To me, it matters not, which holiday one celebrates, whether it’s Christmas, Hanukkah, Kwanza, Solstice or nothing at all, but I’d like to share something I wrote in my journal the other day because it’s about experiencing joy and most of us could use more joy in our lives:

According to the Mayan calendar, today wasn’t supposed to come, yet here we are: days away from Christmas. To me, Christmas is a magical time, and this year, I’ve been trying to sneak in little moments of joy whenever possible–to pause and really appreciate the moment–because obviously, December 21, 2012 wasn’t the end of the world, but perhaps it will be the beginning of a new world where peace and love prevail at last.

I was walking through our local mall the other day when all of a sudden, a children’s choir began to sing, diverting my attention from the rush I was in. When I looked in the direction of the sound, I saw parents and grandparents crowded together in coats and boots and beaming as they watched their little ones perform. The children looked to be about 5-6 years-old.

I paused for a moment to listen to their sweet, little voices, but a tear formed in my eye and a lump rose in my throat as I thought about the twenty 5-6 year-olds who were gunned down last week at an elementary school in Connecticut. I don’t think I’ve ever cried as hard for people I didn’t even know, as I did for those babies. That inconceivable event NEVER should have happened.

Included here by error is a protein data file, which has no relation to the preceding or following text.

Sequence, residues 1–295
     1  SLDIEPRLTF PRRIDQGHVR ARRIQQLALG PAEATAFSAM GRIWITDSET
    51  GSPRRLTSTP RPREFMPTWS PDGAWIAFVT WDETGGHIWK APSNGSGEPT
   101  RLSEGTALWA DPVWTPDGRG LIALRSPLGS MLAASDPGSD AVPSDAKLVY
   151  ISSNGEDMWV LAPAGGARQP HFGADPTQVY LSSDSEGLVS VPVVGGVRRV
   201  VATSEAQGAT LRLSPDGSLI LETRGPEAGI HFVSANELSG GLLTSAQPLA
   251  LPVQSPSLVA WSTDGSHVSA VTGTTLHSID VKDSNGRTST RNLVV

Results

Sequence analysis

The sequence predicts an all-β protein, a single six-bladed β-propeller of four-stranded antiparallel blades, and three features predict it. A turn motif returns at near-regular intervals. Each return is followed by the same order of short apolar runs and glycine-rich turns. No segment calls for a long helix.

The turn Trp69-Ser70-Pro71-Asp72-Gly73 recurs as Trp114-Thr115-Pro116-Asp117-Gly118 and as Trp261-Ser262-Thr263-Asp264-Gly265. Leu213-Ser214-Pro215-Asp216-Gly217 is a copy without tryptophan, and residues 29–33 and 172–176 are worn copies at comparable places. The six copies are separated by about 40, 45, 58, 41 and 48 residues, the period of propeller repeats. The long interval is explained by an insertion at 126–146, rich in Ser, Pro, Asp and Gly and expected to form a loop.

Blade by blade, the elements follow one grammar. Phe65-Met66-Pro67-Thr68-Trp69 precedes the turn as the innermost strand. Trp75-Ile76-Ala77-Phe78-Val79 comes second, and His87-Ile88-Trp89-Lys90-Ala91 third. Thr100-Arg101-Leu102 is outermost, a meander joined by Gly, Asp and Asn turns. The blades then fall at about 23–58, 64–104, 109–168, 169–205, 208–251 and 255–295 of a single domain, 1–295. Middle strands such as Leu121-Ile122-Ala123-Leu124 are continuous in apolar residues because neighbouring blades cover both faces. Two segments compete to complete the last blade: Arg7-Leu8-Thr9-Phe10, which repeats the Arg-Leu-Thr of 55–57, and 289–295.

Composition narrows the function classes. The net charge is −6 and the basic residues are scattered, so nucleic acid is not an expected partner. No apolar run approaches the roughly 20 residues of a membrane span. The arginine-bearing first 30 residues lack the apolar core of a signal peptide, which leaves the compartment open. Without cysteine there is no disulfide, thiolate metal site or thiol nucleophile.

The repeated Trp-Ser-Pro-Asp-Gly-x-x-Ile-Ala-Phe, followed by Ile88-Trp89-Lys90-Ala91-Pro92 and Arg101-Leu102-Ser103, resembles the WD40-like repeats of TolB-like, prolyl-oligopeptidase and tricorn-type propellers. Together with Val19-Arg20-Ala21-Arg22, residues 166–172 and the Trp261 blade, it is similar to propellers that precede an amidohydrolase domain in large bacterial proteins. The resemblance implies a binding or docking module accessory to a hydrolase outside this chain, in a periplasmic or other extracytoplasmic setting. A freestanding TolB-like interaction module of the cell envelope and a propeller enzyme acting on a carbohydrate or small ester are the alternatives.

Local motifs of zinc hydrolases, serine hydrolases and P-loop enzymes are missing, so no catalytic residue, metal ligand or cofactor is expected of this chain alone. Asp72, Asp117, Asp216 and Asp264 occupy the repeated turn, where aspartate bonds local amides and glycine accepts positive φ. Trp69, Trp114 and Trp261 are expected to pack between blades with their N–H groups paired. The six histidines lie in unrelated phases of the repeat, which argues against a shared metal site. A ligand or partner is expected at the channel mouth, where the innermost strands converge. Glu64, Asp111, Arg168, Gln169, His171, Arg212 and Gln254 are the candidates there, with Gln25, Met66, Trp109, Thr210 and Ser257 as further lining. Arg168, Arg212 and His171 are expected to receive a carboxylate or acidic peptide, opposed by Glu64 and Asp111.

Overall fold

I didn’t stay and listen to the children at the mall for long because I didn’t want those kids’ parents and grandparents to see me crying. Instead, I tried to focus on how it felt when my kids were that age and had to perform in the mall like that. There was never a mother more proud than I was as I watched my kids deliver their practiced lines while dressed as Santa’s reindeer or elves.

When I walked out of the mall the other day, huge, fluffy snowflakes began to fall from the grey sky and a sort of hush seemed to descend over the parking lot, even though people were scampering here and there to finish their last-minute shopping.

I stood beside my car for a moment and I smiled and sighed at the beauty of the snowflakes. I wished I could have stood there taking it all in for hours, but it was getting dark and I had a lot of things I needed to accomplish before nightfall, plus I knew I was probably getting dirty looks from impatient drivers waiting for me to vacate my parking spot.

Days later, I sat on the floor in front of our Christmas tree–we bought a real tree this year for the first time in over a decade–so I sat and gazed at the tree decorated with lights, tinsel and color and I thought to myself, “It just sings of joy!” And I wondered, why is it that the anticipation of Christmas is so magical? –the songs on the radio, the decorations and colored lights in the stores and all over town, gifts beneath the tree–yet once Christmas Day is over, so is the magic.